I don't know what you were doing on December 24th, 2012, but I was sitting in my favorite coffee shop with my favorite friend doodling. As far as I can tell the world didn't really end, but I think if it had that was be a pretty good place to be. One of the things I drew was the little black and white TV they have attached to the cereal bar that shows a continuous loop of old cartoons. It's not a particularly interesting TV so I didn't think much of it at the time, but a few days later I was flipping through my sketches and it struck me how TV's used to be really beautifully designed pieces of furniture and how, over about 70 years, they've steadily reduced and streamlined and simplified until today they are hyperminimalist flat panels with no outward features other than the screen.
I won't rant, I have no problem with this turn of events in industrial design. But it struck me as an interesting exercise to think about how the look of an everyday item says so much about when it was sold and the kind of people it was sold to. Here are a few things I came up with:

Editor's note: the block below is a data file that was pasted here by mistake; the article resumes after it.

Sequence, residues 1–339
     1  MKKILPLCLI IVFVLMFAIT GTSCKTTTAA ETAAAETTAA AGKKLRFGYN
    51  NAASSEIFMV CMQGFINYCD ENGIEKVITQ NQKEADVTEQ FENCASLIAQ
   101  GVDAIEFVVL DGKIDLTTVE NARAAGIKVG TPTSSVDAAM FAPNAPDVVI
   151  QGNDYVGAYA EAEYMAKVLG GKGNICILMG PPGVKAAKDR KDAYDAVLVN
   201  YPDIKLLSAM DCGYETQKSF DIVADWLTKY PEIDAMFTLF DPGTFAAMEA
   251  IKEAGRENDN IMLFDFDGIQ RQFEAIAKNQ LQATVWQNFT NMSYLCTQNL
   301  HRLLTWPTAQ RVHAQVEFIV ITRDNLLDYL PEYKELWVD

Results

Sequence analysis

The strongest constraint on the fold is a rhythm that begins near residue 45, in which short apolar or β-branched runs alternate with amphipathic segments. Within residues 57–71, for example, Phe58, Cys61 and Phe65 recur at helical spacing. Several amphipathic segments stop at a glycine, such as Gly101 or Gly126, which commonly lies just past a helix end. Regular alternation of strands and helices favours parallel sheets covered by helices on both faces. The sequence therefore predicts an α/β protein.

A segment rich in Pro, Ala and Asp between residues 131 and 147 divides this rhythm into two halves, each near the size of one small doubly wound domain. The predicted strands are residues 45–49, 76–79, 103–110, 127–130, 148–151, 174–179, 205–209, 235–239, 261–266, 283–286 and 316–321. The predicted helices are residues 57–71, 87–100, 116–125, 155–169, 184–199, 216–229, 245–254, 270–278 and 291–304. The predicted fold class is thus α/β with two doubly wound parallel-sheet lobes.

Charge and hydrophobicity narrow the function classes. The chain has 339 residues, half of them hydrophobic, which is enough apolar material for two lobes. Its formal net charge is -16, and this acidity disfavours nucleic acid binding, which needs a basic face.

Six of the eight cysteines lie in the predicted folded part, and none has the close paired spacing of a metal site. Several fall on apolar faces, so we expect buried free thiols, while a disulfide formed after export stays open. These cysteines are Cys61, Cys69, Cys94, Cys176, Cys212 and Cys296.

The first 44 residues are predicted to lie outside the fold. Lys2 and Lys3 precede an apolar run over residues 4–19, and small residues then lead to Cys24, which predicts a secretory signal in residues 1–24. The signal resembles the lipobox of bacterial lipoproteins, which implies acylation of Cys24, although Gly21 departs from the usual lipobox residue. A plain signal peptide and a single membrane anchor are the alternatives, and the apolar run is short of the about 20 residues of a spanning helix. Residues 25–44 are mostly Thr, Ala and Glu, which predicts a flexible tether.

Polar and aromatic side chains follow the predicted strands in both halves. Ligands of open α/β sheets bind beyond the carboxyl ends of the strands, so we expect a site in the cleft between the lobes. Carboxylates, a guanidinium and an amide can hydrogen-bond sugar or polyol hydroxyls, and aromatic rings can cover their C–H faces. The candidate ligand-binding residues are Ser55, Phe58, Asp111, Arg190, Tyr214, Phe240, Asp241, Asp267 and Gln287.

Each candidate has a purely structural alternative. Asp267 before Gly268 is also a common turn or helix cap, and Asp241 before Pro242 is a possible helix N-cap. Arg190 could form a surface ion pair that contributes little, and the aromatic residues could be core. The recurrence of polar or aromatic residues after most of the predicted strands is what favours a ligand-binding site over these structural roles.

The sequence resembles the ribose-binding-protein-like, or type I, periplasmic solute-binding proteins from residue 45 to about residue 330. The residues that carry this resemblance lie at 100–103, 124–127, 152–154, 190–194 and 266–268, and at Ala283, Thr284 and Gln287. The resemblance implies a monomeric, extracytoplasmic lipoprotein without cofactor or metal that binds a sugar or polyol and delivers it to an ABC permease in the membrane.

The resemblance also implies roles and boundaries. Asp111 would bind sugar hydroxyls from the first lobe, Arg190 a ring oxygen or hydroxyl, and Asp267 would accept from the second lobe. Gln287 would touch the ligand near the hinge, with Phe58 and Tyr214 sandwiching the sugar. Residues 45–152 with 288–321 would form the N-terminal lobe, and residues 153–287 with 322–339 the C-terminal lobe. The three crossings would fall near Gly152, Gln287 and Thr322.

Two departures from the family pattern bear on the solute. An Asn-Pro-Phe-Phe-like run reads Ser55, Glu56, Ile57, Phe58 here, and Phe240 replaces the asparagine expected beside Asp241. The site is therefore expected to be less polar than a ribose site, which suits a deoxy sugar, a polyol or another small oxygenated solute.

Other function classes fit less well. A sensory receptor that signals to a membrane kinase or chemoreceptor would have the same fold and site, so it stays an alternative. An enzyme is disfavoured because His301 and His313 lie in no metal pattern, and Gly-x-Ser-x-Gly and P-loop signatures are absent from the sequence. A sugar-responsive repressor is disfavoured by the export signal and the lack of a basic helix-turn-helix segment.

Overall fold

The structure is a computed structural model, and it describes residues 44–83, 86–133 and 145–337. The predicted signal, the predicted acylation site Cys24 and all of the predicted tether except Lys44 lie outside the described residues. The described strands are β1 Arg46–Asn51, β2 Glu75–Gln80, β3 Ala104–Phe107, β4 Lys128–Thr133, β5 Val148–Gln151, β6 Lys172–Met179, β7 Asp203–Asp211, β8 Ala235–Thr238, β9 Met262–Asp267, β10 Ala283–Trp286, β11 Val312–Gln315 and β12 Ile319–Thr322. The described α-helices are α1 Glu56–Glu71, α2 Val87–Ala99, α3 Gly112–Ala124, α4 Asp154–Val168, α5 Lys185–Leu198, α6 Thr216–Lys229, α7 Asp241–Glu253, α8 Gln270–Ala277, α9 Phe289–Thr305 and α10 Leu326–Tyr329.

- Original sketch from Java Break
- The earliest TV's were designed to look like the radio's they replaced, which in the 40's and 50's meant large wooden cabinets to hold the vacuum tubes inside. I threw in some Victorian elements for kicks. Everything is better with claw feet.
- I was not alive in the 70's, but for some reason when I think 70's I think TV's with big twisty knobs.
- I went on a lot of picknicks in the 80's. I miss that.
- Official Soviet painting wasn't quite as inspiring as party officials probably hoped it was, but one thing totalitarian regiems do well is grand architecture. If you ever need to design somewhere for a super villain to live, Soviet Constructivist Architecture is a good place to start.
- I'm not completely sure what a humidor is, but I imagine if you look like the monopoly man you would have one, and this TV would be near it.
- Avocado is the best color of plastic ever. EVER!